Tags: firefighters | profession | fire

Professor Laments Lack of Female, Gay Firefighters — Seriously?

Professor Laments Lack of Female, Gay Firefighters — Seriously?
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Friday, 28 December 2018 11:45 AM Current | Bio | Archive

The Harvard Business Review, which prides itself for its out of the box thinking, ventured a bit too far from the box on this one: “U.S. firefighters are overwhelmingly white and male,” the publication tweeted, adding, “that needs to change.”

Author Corinne Bendersky, professor of management at UCLA, argues that the “stereotypically masculine” firefighter image of “brawn and courage” isn’t enough. They must also possess gentler, more feminine traits.

While she admits that fighting fires “requires climbing ladders, hauling hoses, and carrying victims from burning buildings,” she adds that only four percent of a firefighter’s job is spent actually fighting fires; 64 percent, on the other hand, is spent answering medical emergencies that require “intellectual, social, and emotional skills.”

Bendersky, hailed as an expert in workplace conflict, status, and justice in teams and organizations, laments that despite the small percentage of a firefighter’s time spent fighting fires, which requires courage and strength, only four percent career fighters are female.

But she has a solution. We should reframe “what it means to be a firefighter to emphasize the importance of legitimate, stereotypically feminine traits, like compassion,” thereby creating “a more inclusive environment for women.”

In other words, change the job description.

Airline pilots spend a tiny percentage of their time departing from and arriving at airports. They spend even less time in emergency situations. Most of their time is spent at cruising altitude on autopilot, monitoring the aircraft’s systems and radio traffic.

Accordingly, it’s been said that the art of flying is 99.9 percent boring and 0.1 percent in sheer terror — an obvious exaggeration meant to prove a point.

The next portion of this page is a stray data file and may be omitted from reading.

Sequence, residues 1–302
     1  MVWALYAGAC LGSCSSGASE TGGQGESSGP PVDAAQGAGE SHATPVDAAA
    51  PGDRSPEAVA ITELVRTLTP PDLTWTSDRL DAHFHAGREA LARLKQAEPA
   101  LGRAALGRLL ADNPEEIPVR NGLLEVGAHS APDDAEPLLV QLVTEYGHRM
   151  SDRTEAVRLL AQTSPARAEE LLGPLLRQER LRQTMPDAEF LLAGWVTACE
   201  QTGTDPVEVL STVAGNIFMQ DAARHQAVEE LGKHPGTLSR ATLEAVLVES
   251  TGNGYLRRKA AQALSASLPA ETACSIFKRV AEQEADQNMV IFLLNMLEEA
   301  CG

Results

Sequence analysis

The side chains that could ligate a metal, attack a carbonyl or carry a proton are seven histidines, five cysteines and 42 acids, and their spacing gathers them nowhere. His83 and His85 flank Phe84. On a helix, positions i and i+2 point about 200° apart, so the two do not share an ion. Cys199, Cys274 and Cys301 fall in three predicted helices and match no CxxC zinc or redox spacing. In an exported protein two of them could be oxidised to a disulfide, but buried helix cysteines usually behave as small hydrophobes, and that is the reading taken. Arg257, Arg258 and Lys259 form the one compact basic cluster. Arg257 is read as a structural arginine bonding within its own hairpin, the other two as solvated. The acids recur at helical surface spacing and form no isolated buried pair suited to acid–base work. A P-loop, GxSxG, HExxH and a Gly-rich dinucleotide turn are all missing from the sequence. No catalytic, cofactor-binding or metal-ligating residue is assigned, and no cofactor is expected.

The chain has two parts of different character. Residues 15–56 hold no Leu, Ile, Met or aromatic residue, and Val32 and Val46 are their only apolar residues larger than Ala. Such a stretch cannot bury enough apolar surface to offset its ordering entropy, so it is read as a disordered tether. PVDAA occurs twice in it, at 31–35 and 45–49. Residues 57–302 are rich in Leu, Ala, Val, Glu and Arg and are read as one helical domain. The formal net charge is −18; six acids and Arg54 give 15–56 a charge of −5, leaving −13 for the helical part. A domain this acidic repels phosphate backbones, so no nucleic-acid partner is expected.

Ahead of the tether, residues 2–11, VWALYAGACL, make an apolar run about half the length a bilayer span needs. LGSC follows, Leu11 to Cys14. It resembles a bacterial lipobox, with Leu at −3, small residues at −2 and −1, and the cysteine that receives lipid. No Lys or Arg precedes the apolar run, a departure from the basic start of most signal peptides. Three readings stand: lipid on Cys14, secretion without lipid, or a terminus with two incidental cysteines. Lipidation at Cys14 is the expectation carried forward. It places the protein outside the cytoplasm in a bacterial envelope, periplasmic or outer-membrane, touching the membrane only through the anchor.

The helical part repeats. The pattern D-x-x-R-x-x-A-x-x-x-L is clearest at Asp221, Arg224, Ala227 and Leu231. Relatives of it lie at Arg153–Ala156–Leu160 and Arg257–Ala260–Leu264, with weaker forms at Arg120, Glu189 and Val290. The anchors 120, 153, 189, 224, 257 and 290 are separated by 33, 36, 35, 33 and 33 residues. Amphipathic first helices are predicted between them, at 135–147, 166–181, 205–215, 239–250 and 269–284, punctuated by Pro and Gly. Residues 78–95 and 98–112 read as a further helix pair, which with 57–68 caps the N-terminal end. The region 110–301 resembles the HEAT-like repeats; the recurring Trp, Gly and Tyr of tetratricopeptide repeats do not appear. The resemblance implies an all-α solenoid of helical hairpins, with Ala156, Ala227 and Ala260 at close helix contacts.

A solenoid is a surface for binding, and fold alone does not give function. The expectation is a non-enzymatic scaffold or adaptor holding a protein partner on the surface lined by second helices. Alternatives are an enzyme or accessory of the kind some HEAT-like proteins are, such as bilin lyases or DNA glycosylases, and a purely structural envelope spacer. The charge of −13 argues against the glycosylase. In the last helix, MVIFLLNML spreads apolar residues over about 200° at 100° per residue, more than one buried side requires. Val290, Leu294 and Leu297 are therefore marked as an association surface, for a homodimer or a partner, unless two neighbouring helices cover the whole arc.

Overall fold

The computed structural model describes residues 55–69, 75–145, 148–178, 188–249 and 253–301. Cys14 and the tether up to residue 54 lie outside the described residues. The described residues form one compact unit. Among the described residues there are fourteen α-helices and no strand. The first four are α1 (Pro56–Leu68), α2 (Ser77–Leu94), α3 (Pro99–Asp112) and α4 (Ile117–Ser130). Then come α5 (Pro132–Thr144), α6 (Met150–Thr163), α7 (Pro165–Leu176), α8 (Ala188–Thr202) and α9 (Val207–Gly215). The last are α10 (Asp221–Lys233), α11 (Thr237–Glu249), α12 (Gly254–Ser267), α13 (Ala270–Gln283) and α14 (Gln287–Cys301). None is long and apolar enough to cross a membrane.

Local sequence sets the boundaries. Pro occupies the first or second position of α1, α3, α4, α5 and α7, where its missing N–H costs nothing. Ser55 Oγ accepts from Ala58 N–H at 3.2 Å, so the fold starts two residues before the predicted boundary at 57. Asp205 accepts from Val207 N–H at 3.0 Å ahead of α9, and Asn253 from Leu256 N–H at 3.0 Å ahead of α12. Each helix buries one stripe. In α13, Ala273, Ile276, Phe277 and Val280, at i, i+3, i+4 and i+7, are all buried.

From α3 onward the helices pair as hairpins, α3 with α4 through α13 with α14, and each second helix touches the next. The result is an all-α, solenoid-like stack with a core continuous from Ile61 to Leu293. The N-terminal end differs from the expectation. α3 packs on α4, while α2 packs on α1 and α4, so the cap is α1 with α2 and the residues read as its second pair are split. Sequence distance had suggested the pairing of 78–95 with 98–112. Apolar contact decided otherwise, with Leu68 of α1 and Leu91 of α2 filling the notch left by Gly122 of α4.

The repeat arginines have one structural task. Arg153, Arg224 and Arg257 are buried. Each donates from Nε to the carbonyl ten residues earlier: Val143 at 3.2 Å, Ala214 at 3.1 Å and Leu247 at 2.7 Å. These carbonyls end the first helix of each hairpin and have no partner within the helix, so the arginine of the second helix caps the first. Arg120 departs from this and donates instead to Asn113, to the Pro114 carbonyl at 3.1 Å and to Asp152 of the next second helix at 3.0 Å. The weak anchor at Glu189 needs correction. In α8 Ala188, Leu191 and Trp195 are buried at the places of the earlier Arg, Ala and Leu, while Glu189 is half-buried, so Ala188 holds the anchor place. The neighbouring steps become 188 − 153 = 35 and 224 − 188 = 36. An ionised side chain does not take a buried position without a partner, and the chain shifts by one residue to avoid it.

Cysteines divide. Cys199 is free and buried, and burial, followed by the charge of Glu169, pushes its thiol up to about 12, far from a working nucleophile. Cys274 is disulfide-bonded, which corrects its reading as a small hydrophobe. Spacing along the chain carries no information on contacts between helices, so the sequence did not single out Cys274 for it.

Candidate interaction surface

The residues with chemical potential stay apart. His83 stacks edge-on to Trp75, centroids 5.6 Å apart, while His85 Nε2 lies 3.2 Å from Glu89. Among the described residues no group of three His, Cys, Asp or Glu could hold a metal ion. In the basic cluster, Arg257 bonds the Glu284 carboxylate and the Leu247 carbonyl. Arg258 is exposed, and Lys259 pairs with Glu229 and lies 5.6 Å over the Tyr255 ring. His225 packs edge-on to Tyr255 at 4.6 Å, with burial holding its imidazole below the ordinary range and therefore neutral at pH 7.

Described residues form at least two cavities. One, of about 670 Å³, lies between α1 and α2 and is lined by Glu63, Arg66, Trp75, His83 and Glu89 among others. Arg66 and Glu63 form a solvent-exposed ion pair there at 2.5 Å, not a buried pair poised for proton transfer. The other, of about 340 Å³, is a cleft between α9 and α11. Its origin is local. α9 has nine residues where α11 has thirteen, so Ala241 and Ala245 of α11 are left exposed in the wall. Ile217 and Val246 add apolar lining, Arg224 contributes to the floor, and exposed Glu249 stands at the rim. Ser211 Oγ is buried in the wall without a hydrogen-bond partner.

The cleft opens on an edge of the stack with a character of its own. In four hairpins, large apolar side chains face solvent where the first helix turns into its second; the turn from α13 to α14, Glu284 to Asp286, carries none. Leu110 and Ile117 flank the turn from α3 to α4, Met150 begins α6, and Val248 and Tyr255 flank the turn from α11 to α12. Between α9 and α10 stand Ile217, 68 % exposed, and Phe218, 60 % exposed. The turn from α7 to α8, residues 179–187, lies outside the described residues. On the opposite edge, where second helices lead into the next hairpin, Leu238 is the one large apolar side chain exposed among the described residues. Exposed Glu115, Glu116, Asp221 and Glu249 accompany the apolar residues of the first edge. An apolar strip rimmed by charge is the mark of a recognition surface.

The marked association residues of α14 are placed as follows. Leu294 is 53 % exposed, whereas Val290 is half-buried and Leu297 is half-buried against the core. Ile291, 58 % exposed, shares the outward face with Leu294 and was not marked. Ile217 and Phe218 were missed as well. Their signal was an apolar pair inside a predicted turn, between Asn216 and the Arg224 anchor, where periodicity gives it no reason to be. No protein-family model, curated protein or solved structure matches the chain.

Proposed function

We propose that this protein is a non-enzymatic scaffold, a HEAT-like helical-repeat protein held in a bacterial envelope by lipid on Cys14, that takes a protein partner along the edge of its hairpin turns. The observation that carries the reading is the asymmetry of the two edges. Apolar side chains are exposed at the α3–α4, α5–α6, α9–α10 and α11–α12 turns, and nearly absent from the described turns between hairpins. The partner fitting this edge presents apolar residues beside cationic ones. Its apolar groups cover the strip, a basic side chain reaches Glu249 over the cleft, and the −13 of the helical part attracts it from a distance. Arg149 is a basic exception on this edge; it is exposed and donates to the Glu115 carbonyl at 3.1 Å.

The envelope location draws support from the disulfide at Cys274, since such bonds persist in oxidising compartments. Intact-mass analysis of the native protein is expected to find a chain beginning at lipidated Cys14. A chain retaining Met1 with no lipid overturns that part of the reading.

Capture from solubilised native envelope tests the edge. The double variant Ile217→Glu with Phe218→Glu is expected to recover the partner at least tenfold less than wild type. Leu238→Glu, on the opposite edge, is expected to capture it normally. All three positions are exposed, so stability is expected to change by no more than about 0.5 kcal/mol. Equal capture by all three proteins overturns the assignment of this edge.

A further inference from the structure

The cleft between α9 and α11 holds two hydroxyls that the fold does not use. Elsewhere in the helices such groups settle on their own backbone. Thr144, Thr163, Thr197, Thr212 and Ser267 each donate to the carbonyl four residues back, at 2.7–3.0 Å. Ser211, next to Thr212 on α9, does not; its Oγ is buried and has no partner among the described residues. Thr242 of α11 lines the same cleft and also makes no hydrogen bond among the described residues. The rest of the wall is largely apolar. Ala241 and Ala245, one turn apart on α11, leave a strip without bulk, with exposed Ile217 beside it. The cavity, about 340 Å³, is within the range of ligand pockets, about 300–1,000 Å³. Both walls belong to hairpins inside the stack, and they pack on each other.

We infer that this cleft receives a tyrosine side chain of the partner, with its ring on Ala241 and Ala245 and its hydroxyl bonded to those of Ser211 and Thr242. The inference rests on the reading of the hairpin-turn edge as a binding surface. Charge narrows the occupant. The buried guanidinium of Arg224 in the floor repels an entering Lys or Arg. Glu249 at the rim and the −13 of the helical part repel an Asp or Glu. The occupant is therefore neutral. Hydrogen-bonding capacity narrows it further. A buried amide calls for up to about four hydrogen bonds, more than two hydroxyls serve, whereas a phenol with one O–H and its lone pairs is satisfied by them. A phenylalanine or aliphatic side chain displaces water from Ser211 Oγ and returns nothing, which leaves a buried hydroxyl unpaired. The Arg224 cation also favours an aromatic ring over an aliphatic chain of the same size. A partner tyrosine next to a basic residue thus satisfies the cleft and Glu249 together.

Yet passengers boarding a flight want — and expect — that their flight crew is perfectly capable of taking off and landing the aircraft, as well as able to competently respond to whatever emergency that may arise.

The same would apply to a firefighter.

When someone is trapped inside her burning she-shed, she could care less whether the person responding to the blaze has “stereotypically feminine traits like compassion.” She wants someone with the strength and courage to break through the door, enter the burning building, and fling her over his shoulders in a fireman’s carry to take her to safety.

As far as that goes, when handed off to an EMT to be treated for burns and smoke inhalation, compassion takes a back seat to professionalism and expertise. She may not even be conscious to know the race and sex of her first-responding caregiver.

Bendersky argues that it all comes down to diversity and inclusivity, as though that should be the determining factor. On that note, she observes that 82 percent of firefighters are white, and just as bad “openly gay men are exceedingly rare in the fire service.”

Here’s a statistic for her: One hundred percent (or nearly so) of firefighters in the United States are U.S. citizens. Does she want that to change also?

Here’s another statistic for Bendersky: Only nine percent of nurses are male. Why doesn’t she address this disparity? Why isn’t she looking to diversify the nursing profession?

The point is, whatever happened to hiring the pest person for the job — the best and the brightest?

Most people applying for a position can accept losing out to someone more qualified. But failing because although you’re more qualified but you’re the wrong race, or you’re not the right sex (or have the right sexual preference) is a bitter pill for anyone to swallow.

Again, Harvard Business Journal likes to think of itself as promoting out of the box thinking. Sometimes the box exists for a reason. Within its boundaries are criteria that have served us well for millennia.

As the saying goes, if it ain’t broke, don’t fix it.

Michael Dorstewitz is a retired lawyer and has been a frequent contributor to BizPac Review and Liberty Unyielding. He’s also a former U.S. Merchant Marine officer and an enthusiastic Second Amendment supporter, who can often be found honing his skills at the range. To read more of his reports - Click Here.

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The Harvard Business Review, which prides itself for its out of the box thinking, ventured a bit too far from the box on this one: “U.S. firefighters are overwhelmingly white and male,” the publication tweeted, adding, “that needs to change.”
firefighters, profession, fire
Friday, 28 December 2018 11:45 AM
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